Words of Prayer: Lord I am thankful that you know all that I need before I ask. Thank you for opening doors of opportunity and closing doors that could lead to potential disaster. I pray that you continue to send angels of mercy and grace to surround me in the spirit and protect me from the plan of the enemy. I ask Lord that you place in my path people who will love me for who I am and encourage me to become who I am destined to be. I thank you Lord for your goodness, and the deliverance that comes from casting all the concerns of life on you.

Identity Crisis

I am Puerto Rican. At least that is the standing joke I share with close friends and family. The truth is I am black.  I lived off of  Graham Avenue, (Avenue of Puerto Rico) in Brooklyn and was immersed in Hispanic culture at a young age.  My mouth waters at the taste of arroz con pollo y habichuelas. I love to salsa and Danza Kudoro is on repeat on my playlist. My pronunciation of certain Spanish terms and phrases is near perfection and my brother’s nickname is Cardo,short for “Ricardo.” Richard claims to be Dominican. But of course he’s not. The truth is we are, I am, unequivocally, unabashedly, 100% black. Unlike Rachel Dolezal, the tanned white woman, who sports cornrows,  is a vocal participant in the Black Lives Matter movement, head honcho of the NAACP chapter in Spokane, Washington  and professor of Africana Studies at Eastern Washington University.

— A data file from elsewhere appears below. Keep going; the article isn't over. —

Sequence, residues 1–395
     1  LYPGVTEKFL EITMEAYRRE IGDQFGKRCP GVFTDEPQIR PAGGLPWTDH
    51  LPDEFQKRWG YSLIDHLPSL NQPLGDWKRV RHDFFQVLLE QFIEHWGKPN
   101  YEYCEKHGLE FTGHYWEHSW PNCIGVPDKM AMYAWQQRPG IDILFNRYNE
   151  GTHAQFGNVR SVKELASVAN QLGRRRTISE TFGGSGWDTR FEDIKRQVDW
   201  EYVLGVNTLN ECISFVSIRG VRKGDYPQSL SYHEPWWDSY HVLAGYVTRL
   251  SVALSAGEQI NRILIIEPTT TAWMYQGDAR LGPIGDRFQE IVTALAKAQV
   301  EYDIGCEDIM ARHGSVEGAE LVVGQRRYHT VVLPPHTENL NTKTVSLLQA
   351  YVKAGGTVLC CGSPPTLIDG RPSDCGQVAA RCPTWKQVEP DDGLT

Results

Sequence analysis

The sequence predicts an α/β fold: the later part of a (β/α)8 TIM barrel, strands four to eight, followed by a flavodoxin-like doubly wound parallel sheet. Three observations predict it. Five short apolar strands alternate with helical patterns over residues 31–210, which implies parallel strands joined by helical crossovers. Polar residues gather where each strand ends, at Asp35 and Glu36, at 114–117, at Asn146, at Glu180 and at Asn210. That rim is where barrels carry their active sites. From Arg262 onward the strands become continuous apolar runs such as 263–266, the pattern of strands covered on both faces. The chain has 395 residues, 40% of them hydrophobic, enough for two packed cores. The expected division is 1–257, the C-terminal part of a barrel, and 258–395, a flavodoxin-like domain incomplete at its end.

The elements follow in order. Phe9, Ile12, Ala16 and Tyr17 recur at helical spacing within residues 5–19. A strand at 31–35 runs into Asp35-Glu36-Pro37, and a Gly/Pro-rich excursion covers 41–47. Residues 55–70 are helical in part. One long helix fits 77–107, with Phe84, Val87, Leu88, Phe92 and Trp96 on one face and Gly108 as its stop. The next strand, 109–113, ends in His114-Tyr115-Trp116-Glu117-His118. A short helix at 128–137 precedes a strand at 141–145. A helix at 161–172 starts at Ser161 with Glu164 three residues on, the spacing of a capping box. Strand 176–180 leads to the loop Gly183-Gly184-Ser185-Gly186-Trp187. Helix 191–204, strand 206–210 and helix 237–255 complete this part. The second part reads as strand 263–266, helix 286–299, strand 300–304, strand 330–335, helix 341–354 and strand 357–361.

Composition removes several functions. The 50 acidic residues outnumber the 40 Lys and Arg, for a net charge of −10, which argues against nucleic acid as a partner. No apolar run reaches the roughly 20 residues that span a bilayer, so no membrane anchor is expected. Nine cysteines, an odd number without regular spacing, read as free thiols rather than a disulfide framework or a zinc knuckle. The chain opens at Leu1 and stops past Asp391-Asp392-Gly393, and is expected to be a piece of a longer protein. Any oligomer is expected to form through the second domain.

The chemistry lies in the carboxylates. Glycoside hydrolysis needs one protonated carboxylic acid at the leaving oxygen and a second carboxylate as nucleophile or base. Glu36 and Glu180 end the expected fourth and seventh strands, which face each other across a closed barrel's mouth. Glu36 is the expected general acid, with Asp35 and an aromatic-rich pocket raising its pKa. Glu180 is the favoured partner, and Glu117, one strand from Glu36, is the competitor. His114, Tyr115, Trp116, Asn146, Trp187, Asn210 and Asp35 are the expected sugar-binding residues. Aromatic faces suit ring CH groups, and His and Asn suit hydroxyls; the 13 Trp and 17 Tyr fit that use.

There is a distinct difference with identifying with a certain race, culture or ethnicity and pretending you are of that race, culture or ethnicity. In Dolezal’s guise to be “black” she weaved a web of lies that included being a victim of hate crimes and racial discrimination,  mother of her black adopted brother, an expert on black hair in public lectures, and abused by her white parents in Montana.

Her passion and commitment to advocate for injustices suffered by people of color is a noble cause. But her contributions are overshadowed by her duplicity. As her mother Ruthanne Dolezal told the Spokesman-Review, “Her effectiveness in the causes of the African-American community would have been so much more viable, and she would have been more effective if she had just been honest with everybody.”